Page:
One of the things that stood out to me during my time in Istanbul was the number of cats (kediler) that peacefully inhabited the city. Cats. were. everywhere.
Before visiting Istanbul, I knew that the city had cats because I watched a documentary called Kedi that was released several years ago. However, I didn’t realize the kindness that many of the people of Istanbul extended toward cats, dogs, and birds too. I just thought that there were some crazy cat ladies that looked after the cats. Turns out, kindness towards animal is as much of a custom in Istanbul as drinking çay after a meal with friends.
On the first day of my exploration of Sultanahmet, I watched a couple men go around and feed the cats outside of the Ayasofya. One man had a bag of sausages that he was handing out to the cats.
Many of the shops and restaurants in Istanbul had only been open for a week when I arrived in Istanbul, and the cats seemed as eager for the return of tourists as the local humans.
However, some of the cats had picked up bad habits, or developed a cattitude, during the lockdown when they had the run of the city. One particular cat was cat-spreading as he napped on a tram bench. He could have easily moved his tail so that someone could have sat in the middle section of the bench. I was about to pull a Karen and confront him, but the tram arrived before I could give him a piece of my mind.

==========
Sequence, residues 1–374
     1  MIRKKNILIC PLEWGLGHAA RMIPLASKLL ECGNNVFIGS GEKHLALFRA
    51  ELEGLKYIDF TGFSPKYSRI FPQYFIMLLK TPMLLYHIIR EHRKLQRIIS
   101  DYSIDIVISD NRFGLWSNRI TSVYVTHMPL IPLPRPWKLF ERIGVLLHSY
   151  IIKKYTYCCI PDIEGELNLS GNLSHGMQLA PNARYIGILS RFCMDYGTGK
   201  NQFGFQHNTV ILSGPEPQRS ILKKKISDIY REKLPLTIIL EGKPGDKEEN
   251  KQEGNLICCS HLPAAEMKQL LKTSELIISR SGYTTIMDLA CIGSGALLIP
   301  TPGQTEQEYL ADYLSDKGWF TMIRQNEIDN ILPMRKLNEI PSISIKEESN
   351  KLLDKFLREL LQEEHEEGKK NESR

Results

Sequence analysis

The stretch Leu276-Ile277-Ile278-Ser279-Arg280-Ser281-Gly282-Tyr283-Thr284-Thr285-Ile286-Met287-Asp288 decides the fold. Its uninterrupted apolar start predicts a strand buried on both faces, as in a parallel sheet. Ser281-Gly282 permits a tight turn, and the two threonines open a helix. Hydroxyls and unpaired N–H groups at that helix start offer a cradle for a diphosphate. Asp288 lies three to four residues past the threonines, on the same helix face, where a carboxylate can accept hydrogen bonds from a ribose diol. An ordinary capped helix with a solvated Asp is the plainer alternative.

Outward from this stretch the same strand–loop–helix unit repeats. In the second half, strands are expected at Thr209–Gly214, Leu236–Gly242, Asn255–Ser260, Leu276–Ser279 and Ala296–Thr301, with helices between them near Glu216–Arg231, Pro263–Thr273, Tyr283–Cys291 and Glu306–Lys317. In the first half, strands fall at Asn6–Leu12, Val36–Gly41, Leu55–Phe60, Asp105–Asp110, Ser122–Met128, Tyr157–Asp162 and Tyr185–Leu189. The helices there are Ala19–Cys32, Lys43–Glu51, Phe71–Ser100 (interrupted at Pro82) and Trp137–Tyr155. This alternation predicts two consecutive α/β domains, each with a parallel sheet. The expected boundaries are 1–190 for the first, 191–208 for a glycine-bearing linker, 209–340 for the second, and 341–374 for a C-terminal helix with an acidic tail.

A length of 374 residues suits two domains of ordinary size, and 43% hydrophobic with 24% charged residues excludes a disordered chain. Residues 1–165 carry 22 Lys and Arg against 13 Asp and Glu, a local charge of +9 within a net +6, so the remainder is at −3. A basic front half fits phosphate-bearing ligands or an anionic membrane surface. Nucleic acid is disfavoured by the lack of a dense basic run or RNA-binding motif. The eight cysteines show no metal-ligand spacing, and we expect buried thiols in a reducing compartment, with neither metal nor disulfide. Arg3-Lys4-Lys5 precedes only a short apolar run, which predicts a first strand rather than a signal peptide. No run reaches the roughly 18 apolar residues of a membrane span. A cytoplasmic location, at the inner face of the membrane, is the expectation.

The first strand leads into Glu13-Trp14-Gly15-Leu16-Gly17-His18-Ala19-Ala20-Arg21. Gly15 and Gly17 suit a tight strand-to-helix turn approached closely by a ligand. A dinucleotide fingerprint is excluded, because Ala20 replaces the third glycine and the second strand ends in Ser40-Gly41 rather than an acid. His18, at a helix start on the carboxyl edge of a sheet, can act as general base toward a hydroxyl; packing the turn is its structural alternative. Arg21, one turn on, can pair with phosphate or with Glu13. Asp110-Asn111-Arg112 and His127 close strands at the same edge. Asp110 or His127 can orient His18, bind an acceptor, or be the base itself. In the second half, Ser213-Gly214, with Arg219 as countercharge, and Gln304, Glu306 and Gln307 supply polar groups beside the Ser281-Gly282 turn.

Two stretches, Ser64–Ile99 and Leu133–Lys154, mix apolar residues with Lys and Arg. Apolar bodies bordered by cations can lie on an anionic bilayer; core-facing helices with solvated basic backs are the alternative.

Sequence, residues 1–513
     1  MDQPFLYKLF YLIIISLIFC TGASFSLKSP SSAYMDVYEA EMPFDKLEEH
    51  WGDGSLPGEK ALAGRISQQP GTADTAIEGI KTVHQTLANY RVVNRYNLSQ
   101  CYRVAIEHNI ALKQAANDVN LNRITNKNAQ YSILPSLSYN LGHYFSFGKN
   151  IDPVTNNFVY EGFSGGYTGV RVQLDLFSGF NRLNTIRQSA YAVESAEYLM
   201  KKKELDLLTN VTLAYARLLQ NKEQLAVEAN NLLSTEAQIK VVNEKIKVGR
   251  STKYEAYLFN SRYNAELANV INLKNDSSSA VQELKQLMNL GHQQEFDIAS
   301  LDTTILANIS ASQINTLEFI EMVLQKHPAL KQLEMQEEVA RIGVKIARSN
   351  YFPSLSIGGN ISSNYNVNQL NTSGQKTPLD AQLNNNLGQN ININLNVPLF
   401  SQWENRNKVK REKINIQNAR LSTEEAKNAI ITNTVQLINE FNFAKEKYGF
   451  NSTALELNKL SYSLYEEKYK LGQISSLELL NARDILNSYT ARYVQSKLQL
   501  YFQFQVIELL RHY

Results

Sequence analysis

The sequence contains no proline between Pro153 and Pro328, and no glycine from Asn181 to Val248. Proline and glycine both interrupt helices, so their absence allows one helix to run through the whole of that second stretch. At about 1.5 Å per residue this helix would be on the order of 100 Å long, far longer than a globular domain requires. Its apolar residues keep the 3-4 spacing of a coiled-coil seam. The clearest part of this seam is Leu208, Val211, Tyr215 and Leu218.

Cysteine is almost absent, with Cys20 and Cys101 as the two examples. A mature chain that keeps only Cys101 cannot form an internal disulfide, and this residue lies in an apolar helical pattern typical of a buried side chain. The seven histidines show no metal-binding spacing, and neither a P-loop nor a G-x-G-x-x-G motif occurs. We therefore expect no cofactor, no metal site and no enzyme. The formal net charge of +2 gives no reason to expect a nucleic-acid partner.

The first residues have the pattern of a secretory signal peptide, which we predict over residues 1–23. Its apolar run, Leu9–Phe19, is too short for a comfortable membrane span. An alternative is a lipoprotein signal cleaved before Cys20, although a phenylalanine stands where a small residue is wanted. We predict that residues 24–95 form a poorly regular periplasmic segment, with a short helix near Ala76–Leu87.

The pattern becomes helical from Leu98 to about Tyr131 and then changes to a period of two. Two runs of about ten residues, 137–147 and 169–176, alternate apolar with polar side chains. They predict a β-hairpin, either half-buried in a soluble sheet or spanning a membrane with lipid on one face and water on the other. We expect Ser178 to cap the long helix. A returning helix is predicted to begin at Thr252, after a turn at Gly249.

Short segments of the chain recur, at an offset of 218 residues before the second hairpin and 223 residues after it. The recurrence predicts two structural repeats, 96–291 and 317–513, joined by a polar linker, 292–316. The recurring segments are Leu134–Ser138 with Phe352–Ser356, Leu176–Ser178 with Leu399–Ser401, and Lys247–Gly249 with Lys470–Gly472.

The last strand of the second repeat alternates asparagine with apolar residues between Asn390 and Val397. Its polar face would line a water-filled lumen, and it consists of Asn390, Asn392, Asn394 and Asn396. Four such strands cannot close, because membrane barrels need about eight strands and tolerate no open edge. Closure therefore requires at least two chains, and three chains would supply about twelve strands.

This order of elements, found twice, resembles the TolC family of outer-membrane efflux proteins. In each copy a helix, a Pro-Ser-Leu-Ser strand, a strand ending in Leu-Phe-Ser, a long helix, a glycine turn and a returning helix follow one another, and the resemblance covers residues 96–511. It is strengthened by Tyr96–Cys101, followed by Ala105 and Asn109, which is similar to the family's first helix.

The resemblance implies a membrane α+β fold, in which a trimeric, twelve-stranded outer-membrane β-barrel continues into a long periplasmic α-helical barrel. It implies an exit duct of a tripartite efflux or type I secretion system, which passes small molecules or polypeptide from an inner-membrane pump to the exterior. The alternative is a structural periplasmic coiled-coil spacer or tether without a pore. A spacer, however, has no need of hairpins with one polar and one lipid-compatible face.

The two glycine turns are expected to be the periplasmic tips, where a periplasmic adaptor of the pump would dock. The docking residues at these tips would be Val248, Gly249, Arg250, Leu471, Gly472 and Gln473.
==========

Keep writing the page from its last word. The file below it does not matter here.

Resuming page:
Not all cats were as rude as this particular one. Others napped and rested in less obtrusive ways.
Some cats were not content to rest on traditional structures, like seating or the ground, and preferred to do their resting on mopeds and cars, which the people of Istanbul were happy to oblige.
And when it came to real estate, there were a variety of housing options for the cats should the elements become rainy or cold.
With many of cats’ basic needs provided for by the kindness of the people of Istanbul, cats were able to devote their waking hours to doing what they like best: watching humans and judging them. I was watched and judge by many cats as I went about my day.
When the cats got tired of watching and judging humans, they would go for a stroll and sometimes interact with other cats.
Yep, the cat is king in Istanbul. Dogs (köpekler) have it good too. However, it was clear that cats were the favorite daughters and sons of the city. Dogs were chubby and had their ears tagged, so I could tell that they were being looked after—they just weren’t plentiful and esteemed the same way as the cats.
Finally, kindness towards cats and dogs extended to the birds as well. Birds seemed less wary of humans and more curious. When I was having coffee at Topaki Palace, this friendly bird (kuş) paid me a visit.
So, if animal welfare is something that is important to you (and you like cats!), then Istanbul might be one of the cities that you should visit right meow. 😻😻😻😻